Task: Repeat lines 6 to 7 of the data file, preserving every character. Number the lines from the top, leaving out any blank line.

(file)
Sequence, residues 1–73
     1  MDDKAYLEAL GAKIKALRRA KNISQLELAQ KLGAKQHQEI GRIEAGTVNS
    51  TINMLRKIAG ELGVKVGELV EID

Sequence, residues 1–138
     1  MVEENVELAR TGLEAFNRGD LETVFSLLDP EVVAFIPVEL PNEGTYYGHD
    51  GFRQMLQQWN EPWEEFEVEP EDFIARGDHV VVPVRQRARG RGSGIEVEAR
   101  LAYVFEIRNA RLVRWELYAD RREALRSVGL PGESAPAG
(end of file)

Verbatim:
    51  GFRQMLQQWN EPWEEFEVEP EDFIARGDHV VVPVRQRARG RGSGIEVEAR
   101  LAYVFEIRNA RLVRWELYAD RREALRSVGL PGESAPAG